What should we think of this sharia affair? Could it be that we have supported the insurgents of Benghazi, only to discover, when it’s all over, a State that forbids divorce and re-establishes polygamy? Details. Explanations.
1. It all began with one phrase. A single phrase. Of course, this phrase didn’t come from just anyone, since it was uttered by Mustafa Abdeljalil, the President of the National Transitional Council and father of the victory. But, president or not, Abdeljalil is a member of a Council whose decisions are collegial. And this Council is, as its name indicates, an organ of transition whose purpose is not to decree the laws of the future Libya.
Abdeljalil expressed an opinion.
Perhaps a wish.
Perhaps it wasn’t even a wish, rather a pledge granted the minority of Islamist fighters who paid the heaviest price in lives for this liberation.
And although he may have expressed what he really thinks, what weight should his opinion carry, considering that he, like all the members of the NTC, has promised not to seek any office in post-transitional Libya?
In order to know what this future Libya will look like, we must wait for the Constituent Assembly in eight months. Then the general elections. And then what type of government will be the result. To behave as though this little phrase, uttered in the heat of a rally by a man who is highly respected but about to leave the scene, were enough to « topple » the country amounts to malevolence, a biased standpoint.
2. There is sharia, and then there is sharia. And before going on and on about regression and glaciation, we would do well to know what we’re talking about.
Sharia, first of all, is not an obscene word.
Like « jihad » (which means « a spiritual effort », and which the Islamists ultimately interpreted as a « holy war »), and « fatwa » (which means « religious advice » and which, due to the Rushdie affair, everyone has come to understand as « condemnation to death ») the very word sharia is at the heart of a merciless war of semantics but, fortunately, continues to signify something eminently respectable for the majority of Muslims.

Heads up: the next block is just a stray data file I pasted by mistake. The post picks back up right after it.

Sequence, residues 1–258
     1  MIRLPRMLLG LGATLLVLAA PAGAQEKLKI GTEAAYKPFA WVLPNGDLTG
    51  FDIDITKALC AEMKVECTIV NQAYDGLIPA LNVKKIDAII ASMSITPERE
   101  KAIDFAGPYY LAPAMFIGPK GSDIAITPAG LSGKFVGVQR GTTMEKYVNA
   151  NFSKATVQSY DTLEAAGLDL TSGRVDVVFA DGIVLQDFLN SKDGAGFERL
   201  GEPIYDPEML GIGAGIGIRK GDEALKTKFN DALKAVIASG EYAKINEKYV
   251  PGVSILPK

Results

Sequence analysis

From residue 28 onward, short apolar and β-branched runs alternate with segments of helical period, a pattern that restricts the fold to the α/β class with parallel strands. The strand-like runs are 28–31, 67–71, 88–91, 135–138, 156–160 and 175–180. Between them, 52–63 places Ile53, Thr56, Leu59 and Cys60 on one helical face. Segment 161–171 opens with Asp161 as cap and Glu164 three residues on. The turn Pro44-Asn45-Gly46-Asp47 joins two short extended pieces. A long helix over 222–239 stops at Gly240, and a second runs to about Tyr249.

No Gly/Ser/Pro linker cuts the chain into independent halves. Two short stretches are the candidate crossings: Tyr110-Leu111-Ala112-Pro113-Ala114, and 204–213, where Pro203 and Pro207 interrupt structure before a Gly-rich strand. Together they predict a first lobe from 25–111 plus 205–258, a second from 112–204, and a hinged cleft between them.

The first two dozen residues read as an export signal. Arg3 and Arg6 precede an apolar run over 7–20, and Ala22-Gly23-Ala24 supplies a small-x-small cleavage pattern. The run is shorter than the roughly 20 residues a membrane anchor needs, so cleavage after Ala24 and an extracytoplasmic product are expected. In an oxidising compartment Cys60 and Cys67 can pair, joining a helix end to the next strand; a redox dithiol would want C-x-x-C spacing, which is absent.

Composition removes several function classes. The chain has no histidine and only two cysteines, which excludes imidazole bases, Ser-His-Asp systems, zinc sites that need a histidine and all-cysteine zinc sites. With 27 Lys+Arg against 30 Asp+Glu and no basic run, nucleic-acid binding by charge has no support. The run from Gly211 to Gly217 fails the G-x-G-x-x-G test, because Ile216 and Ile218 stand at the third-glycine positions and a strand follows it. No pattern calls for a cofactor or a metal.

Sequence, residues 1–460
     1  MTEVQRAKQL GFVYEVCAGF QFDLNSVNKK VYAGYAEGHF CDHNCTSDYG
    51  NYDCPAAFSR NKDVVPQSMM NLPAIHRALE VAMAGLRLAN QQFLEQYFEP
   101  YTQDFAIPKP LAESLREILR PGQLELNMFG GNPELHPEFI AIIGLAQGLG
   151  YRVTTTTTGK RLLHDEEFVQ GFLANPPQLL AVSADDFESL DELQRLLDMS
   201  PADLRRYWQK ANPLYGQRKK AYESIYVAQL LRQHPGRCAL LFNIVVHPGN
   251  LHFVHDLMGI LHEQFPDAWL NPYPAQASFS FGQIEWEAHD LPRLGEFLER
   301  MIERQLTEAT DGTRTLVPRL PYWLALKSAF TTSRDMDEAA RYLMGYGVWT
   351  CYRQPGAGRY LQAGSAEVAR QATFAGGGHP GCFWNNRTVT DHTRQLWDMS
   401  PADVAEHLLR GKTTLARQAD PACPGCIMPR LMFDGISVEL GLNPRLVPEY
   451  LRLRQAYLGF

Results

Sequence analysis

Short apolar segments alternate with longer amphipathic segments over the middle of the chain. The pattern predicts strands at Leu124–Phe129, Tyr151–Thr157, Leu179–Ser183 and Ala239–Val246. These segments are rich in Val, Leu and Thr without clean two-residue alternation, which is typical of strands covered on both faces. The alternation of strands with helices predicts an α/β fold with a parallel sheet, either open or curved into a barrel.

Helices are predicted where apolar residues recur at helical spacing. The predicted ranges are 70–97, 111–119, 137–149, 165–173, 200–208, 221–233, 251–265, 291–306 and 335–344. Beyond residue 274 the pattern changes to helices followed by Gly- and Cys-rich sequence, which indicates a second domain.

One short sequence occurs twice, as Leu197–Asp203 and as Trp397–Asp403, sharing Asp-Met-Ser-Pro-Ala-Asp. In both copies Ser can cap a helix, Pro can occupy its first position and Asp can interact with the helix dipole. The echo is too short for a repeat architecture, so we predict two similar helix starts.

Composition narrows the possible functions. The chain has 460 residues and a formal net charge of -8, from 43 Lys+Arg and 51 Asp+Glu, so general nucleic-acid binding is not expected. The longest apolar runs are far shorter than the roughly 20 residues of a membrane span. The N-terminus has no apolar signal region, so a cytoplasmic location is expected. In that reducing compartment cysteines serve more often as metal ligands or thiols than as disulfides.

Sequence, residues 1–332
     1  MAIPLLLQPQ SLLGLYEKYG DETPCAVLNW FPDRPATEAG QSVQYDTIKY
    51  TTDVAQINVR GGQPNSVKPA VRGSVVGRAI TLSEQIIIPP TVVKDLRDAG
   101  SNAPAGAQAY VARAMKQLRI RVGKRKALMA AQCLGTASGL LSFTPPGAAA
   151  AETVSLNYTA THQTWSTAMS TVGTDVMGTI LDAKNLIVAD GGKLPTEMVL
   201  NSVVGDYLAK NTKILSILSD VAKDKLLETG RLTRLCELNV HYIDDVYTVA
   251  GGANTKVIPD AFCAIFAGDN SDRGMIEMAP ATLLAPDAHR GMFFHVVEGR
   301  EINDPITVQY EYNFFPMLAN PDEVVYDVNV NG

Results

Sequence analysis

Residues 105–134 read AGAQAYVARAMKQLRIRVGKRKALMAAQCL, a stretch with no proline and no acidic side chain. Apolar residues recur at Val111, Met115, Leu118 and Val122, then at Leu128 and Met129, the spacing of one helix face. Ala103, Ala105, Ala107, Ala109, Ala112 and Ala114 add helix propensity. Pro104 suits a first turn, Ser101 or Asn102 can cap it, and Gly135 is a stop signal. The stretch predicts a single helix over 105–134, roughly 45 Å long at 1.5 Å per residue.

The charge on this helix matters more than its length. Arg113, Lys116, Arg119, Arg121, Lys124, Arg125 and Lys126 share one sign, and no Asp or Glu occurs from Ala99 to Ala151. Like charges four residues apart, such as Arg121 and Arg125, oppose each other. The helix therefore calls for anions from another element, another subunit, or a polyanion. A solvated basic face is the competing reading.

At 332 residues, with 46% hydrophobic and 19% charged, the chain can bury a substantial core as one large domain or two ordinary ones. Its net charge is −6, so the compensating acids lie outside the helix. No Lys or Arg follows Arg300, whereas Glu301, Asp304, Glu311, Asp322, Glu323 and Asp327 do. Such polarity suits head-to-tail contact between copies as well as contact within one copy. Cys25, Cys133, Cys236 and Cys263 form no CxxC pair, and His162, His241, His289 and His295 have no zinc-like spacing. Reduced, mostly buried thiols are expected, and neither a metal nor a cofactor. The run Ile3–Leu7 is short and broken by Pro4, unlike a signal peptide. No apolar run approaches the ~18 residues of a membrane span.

It is a term that appears five times in the Koran and that French translations render as « path ».
It is not the name of a code, even less of an exhaustive straightjacket of rules, but that of a body of values subject to the interpretation of Doctors of the religion.
It is a generic term; in other words, it is the task of the legislators to propose an application of sharia that is more or less progressive or more or less strict.
Taking this into consideration, virtually all Muslim countries refer to sharia.
Most of them, including Gaddafi’s Libya, from 1993 on, make it one of the sources of law.
When they do not, as is the case of Morocco, it is because Islam is already the State religion.
And the whole problem amounts to knowing what, then, is included in this term: the stoning of adulteresses, as in Iran? the amputation of thieves’ limbs, as in Saudi Arabia? Or rather a sum of moral precepts one strives to combine with the Napoleonic Code, as is the case in Egypt?
3. In light of this problem, the question of what « path » Libya will chose is to be expected.
It goes without saying that we can anticipate a new battle, an ideological one in which the task will be to arbitrate between the minority who interpret sharia as the fanatics do and those who wish to see a compromise between sharia and the democratic ideal.
It is obvious that those of us who are among the friends of the new Libya, the allies who contributed to her liberation from one of the most bloodthirsty dictatorships of our times, have a role to play in aiding the country not to fall under the yoke of another kind of tyranny.
But, for pity’s sake, no bad faith.
Let’s not pull the number of a civil version of the proverbial « quagmire », when, after a week of air strikes, time already seemed to be dragging on, on the Libyans again.
And let’s not demand of this Libya, crushed by 42 years of despotism, let us not ask of this country with neither a State nor a judicial tradition, without an actual civil society, to become in the space of three months a society of human rights.
Thirty years after Solidarnosc, Polish democracy is still in the stage of self-searching. Russia is still in its Putin phase.
France went through the Terror, the Restoration, two Empires and several blood baths before it was able to embody the republican ideal of 1789, and after that the ideal of a secular society.
And we expect Libya, itself, to pass from a dark night into light?
The battle will be rough.
There will be swerves, steps backward, moments of wandering off course.
But I know the men and women who wanted this revolution, in Benghazi or Misrata, well enough to know that they will not allow the rights they have won after such an intense struggle to be confiscated.
Post-Gaddafi Libya has become a major forefront of the great schism that is rippling through the Muslim world, the historic (and, from now on, democratic) confrontation between the two Islams, that of the Enlightenment and that of the shadows, that of the moderates and that of the extremists, the one that reaches out to Europe and that of the clash of civilizations. And I am willing to bet that, upon this stage, the friends of liberty will be victorious.